Ashton Kutcher, Mila Kunis asked judge for leniency in Danny Masterson’s rape sentencing
A bevy of high-profile stars came to the defense of actor and convicted rapist Danny Masterson before his sentencing Thursday, calling on the judge in his case to offer leniency.
Masterson, 47, was sentenced to 30 years to life in prison by Los Angeles County Superior Court Judge Charlaine Olmedo on Thursday despite the pleas from his “That ’70s Show” co-stars Mila Kunis and Ashton Kutcher, among others.
“I do not believe he is an ongoing harm to society and having his daughter raised without a present father would [be] a tertiary injustice in and of itself,” Kutcher wrote in his letter, which was published first by reporter Meghann Cuniff.
The letters in support of defendants by their family and supporters are routine in criminal cases before sentencing. In Masterson’s case, they came as part of a 108-page filing reviewed by The Times. Neither Kunis nor Kutcher argued that Masterson was not guilty of the crimes, but they vouched for his character and the person they knew him to be.
Disgraced actor Danny Masterson was sentenced Thursday after having been convicted of raping two former members of the church in the early 2000s.
“From the very beginning, I could sense his innate goodness and genuine nature,” Kunis said in her letter. “His caring nature and ability to offer guidance have been instrumental in my growth both personally and professionally.”
In Kutcher’s letter, he noted a time when he said Masterson jumped to the defense of a woman whose boyfriend was berating her at a pizza restaurant.
“It was an incident he didn’t have to get involved in but proactively chose to because the way this man was behaving was not right,” Kutcher wrote.
Both actors said Masterson’s anti-drug attitude helped them to stay on the straight and narrow during their careers in Hollywood.
Masterson was convicted in May of two counts of rape after his second trial on charges stemming from allegations of sexual assaults by three women he knew through the Church of Scientology.
Letters of support in Danny Masterson’s sentencing memo from Ashton Kutcher, Mila Kunis and Billy Baldwin, among others.
State law required Masterson to be sentenced to 15 years to life on each rape count, but Olmedo had the option to run the sentences concurrently or consecutively, meaning Masterson effectively faced either 15 years to life or 30 years to life.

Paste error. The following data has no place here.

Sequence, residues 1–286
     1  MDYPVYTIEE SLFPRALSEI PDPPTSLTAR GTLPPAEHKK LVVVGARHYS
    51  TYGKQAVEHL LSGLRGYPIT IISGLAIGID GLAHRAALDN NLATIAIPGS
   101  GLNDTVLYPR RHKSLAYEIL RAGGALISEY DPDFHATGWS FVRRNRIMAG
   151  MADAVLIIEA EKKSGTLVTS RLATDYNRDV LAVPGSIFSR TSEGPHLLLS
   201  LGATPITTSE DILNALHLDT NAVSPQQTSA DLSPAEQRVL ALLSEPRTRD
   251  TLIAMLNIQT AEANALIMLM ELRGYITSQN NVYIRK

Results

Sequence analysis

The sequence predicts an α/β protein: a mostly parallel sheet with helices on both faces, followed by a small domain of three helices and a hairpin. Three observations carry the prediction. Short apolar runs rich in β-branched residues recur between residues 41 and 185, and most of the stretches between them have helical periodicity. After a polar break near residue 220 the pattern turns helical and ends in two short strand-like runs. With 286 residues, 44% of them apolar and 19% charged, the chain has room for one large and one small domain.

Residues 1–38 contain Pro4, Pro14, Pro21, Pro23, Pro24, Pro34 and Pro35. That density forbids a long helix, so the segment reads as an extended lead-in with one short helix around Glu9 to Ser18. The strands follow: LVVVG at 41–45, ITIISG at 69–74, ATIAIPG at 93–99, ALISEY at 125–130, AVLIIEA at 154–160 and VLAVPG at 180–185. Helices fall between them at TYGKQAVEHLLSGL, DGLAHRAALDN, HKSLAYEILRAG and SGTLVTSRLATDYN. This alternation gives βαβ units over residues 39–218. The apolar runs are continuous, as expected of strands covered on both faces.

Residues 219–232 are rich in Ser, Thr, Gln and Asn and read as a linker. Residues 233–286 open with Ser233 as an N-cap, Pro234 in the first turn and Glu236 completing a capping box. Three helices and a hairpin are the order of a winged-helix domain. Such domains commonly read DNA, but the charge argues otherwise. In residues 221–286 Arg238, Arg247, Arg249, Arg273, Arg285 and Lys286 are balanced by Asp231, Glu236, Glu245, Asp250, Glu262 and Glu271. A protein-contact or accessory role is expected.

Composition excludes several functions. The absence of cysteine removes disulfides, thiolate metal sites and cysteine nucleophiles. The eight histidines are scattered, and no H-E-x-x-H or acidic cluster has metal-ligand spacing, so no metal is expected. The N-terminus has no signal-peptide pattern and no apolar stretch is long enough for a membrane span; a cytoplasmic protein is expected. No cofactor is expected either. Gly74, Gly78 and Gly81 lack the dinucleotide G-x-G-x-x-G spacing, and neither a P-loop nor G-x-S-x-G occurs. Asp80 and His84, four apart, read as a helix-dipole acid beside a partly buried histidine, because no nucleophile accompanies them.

In court, defense attorney Shawn Holley also asked Olmedo to exercise sentencing leniency, citing Masterson’s lack of a criminal record and history of philanthropic actions, drawing a sharp rebuke from Deputy Dist. Atty. Reinhold Mueller.
“The manner in which this defendant committed his acts — it was violent, it was targeted in some instances, surreptitiously drugging his victims so they were incapacitated when he committed these assaults,” he said. “It’s heinous. And to suggest, under all of these circumstances, that 15 years to life ... is enough and that’s fair and just? Absolutely not.”
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The rapes occurred at Masterson’s Hollywood Hills home in the early 2000s, when he was a rising star from “That ’70s Show.”
During testimony, each victim described violent assaults in graphic detail, saying they fell prey to Masterson after he served them drinks that made them disoriented and nauseated.
The Church of Scientology was invoked repeatedly at trial and became a key focus of defense and prosecution teams alike. The women said the church discouraged them from reporting Masterson to law enforcement at the time of the rapes; the church denied those allegations.
A California appeals court says Danny Masteron’s accusers’ case against the Church of Scientology can move ahead.
Other well-known Hollywood actors, including Masterson’s brother-in-law Billy Baldwin and Giovanni Ribisi, who was raised in Scientology, wrote letters in support of Masterson, as did fellow “That ’70s Show” cast member Debra Jo Rupp.
Numerous family members, including Masterson’s wife, Bijou Phillips Masterson, also penned letters in support.
Masterson’s victims, identified in court only by a single initial and either their first or last name, also had a chance to address the court before the sentencing.
One woman, N. Trout, said Masterson enjoyed hurting her.
“You relish in hurting women,” she said. “It is an addiction. It is, without question, your favorite thing to do. ... Your sickness is no longer my burden to bear.”
Times staff writer James Queally contributed to this report.
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